Fast-forward to 13 September 2016, when Chakrabarti made her House of Lords debut as a Labour peer. Baroness Chakrabarti of Kennington wore a sombre expression and a rope of pearls looped round her throat beneath her ermine robe. It was hard to recognise the civil liberties campaigner who was once called “an anarchist in a barrister’s wig” by Loaded magazine.

Yet Chakrabarti has also been cast in another role that is far less desirable than a seat in the Lords: that of a hypocrite. On 29 April this year, Jeremy Corbyn announced that Chakrabarti would chair an independent inquiry into anti-Semitism and other forms of racism in the Labour Party. The inquiry was prompted by the suspensions of Naz Shah, the MP for Bradford West, and Ken Livingstone, for making offensive remarks that were condemned as anti-Semitic. On 16 May Chakrabarti announced that she was joining Labour to gain members’ “trust and confidence”. She said that she would still run the inquiry “without fear or favour”.

The Chakrabarti inquiry delivered its findings on 30 June at a press conference in Westminster. The atmosphere was febrile – there were verbal clashes between the activists and journalists present, and the Jewish Labour MP Ruth Smeeth was reduced to tears. The report stated that Labour “is not overrun by anti-Semitism, Islamophobia or other forms of racism” but that there was an “occasionally toxic atmosphere”. It listed examples of “hateful language” and called on party members to “resist the use of Hitler, Nazi and Holocaust metaphors, distortions and comparisons”. Many Labour supporters were surprised that the report’s 20 recommendations did not include lifetime bans for members found to have shown anti-Semitic behaviour.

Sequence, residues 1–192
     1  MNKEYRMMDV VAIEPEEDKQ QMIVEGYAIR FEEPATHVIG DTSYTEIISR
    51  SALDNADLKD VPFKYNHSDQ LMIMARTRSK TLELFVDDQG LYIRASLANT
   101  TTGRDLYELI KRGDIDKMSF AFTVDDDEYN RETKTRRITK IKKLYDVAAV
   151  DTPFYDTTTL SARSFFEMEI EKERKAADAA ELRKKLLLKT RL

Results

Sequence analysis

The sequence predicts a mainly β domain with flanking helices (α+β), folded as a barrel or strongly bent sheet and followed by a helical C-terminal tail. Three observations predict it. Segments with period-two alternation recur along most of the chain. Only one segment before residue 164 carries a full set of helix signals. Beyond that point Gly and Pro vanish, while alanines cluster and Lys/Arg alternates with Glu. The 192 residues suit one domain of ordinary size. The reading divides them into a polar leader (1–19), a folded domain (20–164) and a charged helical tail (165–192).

Then, on 4 August, it was revealed that Chakrabarti was the sole Labour appointment to the House of Lords in David Cameron’s resignation honours. Both Chakrabarti and Corbyn have denied that the peerage was discussed during the anti-Semitism inquiry. But critics suggested that her acceptance undermined the report and its independence.

In particular, it attracted criticism from members of the UK’s Jewish community. Marie van der Zyl, vice-president of the Board of Deputies of British Jews, said: “This ‘whitewash for peerages’ is a scandal that surely raises serious questions about the integrity of Ms Chakrabarti, her inquiry and the Labour leadership.” A home affairs select committee report into anti-Semitism in the UK has since found that there were grave failings in the report for Labour.

Two further incidents contributed to the decline in Chakrabarti’s reputation: her arrival on Corbyn’s front bench as shadow attorney general and the revelation that her son attends the selective Dulwich College, which costs almost £19,000 a year in fees for day pupils (£39,000 for full boarders). She said that she “absolutely” supports Labour’s opposition to grammar schools but defended her choice to pay for selective education.

Chakrabarti told ITV’s Peston on Sunday: “I live in a nice big house and eat nice food, and my neighbours are homeless and go to food banks. Does that make me a hypocrite, or does it make me someone who is trying to do best, not just for my own family, but for other people’s families, too?”

This was the end for many of those who had respected Chakrabarti – the whisper of hypocrisy became a roar. As the Times columnist Carol Midgley wrote: “You can’t with a straight face champion equality while choosing privilege for yourself.”

Hypocrisy is a charge that has dogged the left for decades (both Diane Abbott and Harriet Harman have fallen foul of the selective school problem). The trouble with having principles, it is said, is that you have to live up to them. Unlike the right, the left prizes purity in its politicians, as Jeremy Corbyn’s squeaky-clean political image shows. Shami Chakrabarti started the year with a campaigning reputation to rival that of the Labour leader, but her poor decisions have all but destroyed her. It’s difficult to recall a time when a liberal icon has fallen so far, so fast. 

Caroline Crampton is assistant editor of the New Statesman.

This article first appeared in the 20 October 2016 issue of the New Statesman, Brothers in blood